The book had a strong, strong grip on me in college. I bought it just before I moved to NITK on a whim, because I liked the title and Rahul Bose on the cover with a frog. It was one of the few books I’d brought along with me when I first moved to Surathkal. I read it cover to cover, over and over again. It riveted me in a way nothing I’d read before had. Why, I even mentioned it on this blog more than a few times as a book that has influenced me a lot.

When I started at NITK, I was a cynical big city girl who’d seen and read way too much to be happy in a small town. Back then, I hadn’t yet understood that I was really a loner and that rooms full of people weren’t where I naturally thrived. I missed my friends, boys and girls who shared my dry sense of humor, were outraged at the same things I outraged at, liked Tamil movies but wouldn’t be caught dead watching a Rajinikanth-starrer…… the works.

So August Sen appealed to me. Surathkal felt to me as desolate as Madna, and the attempts people made to have a life there felt fake to me, like the semblance of a social life felt to August. I felt little if any passion for things. The cynical way with which Agastya regarded the people he met seemed a good, almost defensive way to understand the horde of new people I was meeting without having to get too involved. Like how August had cleared the IAS exam and was stuck in a rural area wondering ‘now what?’, I was wondering if I was cut out for engineering after clearing the AIEEE. The ladies at the GB Mess were analogous to Vasant and his terrible cooking.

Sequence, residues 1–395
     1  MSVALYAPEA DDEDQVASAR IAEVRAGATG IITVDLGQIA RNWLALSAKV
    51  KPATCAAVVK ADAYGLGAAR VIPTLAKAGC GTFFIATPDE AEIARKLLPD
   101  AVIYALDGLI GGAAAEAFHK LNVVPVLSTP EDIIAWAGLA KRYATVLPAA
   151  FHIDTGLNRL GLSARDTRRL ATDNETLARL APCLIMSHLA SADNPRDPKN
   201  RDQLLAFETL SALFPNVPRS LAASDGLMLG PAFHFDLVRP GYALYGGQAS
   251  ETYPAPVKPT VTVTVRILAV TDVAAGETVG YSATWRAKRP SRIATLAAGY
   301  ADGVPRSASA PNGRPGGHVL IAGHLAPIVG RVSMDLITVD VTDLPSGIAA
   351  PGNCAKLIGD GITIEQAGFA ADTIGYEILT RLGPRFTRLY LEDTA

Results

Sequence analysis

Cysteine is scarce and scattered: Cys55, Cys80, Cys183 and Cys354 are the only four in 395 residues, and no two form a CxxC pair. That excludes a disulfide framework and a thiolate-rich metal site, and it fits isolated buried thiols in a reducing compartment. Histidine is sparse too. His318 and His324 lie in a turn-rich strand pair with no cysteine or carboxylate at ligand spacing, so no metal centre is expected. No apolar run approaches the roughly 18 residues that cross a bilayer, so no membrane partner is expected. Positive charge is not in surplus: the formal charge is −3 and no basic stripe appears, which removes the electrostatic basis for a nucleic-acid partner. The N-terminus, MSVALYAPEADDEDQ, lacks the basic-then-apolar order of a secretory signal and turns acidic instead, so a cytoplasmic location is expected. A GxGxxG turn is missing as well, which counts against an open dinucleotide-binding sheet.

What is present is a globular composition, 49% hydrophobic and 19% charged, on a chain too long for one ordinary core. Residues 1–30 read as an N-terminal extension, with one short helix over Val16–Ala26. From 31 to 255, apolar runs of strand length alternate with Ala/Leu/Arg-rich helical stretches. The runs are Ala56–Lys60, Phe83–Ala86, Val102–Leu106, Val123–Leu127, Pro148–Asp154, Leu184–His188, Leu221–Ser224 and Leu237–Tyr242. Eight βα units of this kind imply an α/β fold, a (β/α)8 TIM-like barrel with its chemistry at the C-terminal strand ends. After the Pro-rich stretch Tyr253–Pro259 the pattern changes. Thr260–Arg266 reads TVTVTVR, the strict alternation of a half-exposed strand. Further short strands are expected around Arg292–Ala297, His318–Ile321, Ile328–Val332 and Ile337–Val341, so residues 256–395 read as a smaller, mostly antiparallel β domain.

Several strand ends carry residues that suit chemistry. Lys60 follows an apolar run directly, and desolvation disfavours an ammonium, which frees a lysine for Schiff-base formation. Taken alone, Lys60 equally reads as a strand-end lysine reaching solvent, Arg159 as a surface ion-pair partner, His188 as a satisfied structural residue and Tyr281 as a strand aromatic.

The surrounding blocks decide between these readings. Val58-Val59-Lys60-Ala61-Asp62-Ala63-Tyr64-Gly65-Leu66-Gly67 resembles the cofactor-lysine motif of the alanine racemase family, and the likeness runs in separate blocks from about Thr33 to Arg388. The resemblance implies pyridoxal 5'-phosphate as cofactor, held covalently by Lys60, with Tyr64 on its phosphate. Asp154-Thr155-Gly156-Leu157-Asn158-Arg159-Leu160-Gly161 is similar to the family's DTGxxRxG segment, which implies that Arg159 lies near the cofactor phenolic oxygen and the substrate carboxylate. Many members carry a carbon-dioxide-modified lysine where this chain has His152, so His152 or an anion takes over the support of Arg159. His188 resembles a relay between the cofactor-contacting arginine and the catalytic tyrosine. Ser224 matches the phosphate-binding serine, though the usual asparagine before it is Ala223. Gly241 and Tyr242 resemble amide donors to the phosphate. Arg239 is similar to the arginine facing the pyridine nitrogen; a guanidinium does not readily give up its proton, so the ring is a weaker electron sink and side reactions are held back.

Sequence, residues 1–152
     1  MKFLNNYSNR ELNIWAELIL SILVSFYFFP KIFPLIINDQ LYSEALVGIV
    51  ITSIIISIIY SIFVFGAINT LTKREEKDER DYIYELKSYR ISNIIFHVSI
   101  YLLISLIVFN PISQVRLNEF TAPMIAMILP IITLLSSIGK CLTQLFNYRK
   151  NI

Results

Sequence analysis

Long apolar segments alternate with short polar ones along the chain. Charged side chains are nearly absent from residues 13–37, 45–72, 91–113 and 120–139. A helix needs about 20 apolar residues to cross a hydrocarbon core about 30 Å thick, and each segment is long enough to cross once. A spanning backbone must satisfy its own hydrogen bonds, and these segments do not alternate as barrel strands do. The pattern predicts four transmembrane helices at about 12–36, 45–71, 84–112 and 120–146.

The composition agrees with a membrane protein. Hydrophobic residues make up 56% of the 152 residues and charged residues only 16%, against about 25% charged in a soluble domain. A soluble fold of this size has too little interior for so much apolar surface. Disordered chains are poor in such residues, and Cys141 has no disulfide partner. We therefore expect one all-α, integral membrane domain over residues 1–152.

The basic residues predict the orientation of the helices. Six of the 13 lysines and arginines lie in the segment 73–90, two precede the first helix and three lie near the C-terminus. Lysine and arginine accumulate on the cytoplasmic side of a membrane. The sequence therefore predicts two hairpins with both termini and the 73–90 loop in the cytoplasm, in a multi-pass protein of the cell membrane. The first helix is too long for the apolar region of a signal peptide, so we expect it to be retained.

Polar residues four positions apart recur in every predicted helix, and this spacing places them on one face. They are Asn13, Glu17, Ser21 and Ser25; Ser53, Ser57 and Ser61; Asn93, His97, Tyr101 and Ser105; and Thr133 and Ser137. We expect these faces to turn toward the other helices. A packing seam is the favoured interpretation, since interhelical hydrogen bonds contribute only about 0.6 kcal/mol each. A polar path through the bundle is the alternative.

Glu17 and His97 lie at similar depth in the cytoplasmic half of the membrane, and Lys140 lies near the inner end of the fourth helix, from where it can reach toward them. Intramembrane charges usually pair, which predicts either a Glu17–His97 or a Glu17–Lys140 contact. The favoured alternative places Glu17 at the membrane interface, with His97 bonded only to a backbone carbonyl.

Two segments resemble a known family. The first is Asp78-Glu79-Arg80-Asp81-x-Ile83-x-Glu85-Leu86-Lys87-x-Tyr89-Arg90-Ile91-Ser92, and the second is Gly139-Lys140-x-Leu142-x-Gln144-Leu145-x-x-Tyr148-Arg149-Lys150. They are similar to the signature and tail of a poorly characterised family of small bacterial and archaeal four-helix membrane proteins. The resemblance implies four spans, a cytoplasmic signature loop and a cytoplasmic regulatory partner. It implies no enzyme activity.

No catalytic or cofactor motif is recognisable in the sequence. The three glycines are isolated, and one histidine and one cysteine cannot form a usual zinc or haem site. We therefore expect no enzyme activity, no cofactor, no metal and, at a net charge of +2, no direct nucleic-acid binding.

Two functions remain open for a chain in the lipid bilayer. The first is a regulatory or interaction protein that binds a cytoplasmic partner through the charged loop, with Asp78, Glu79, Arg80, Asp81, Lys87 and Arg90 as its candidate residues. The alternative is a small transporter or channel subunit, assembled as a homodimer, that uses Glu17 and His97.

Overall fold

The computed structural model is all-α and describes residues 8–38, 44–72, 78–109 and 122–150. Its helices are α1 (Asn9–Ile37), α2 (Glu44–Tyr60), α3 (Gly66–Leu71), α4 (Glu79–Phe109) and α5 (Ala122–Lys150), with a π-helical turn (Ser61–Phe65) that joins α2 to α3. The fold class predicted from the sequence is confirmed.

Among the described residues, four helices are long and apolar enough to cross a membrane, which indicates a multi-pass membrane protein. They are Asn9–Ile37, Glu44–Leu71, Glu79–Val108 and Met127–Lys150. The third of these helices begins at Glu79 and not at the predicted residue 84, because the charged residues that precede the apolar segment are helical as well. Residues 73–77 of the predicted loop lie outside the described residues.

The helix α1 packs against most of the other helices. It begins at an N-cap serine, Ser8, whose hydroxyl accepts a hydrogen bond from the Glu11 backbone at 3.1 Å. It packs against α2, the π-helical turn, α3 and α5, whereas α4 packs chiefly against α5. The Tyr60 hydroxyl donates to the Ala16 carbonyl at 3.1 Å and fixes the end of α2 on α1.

Things changed a lot since then. I realized I could love computer science. I fell in with a group of people with whom I could be myself, and today, though most of them don’t keep in touch with each other, I keep in touch with all of them.

But what did not change was that every year or two for the past decade, I’d move to yet another desolate place without charm and fun people, where everyone around me stayed friends because there was no one else, where there were fun things the people I worked or studied with wouldn’t do because it was infra-dig to them, but instead try to create a substitute world of their own that somehow was never as fun as I’d like. I’d always feel cloistered, and always feel like it was a temporary situation and I didn’t want to waste time getting comfortable because, what was the point, I’d have to do it all over again. There was an air of helplessness and inability to change my life situation.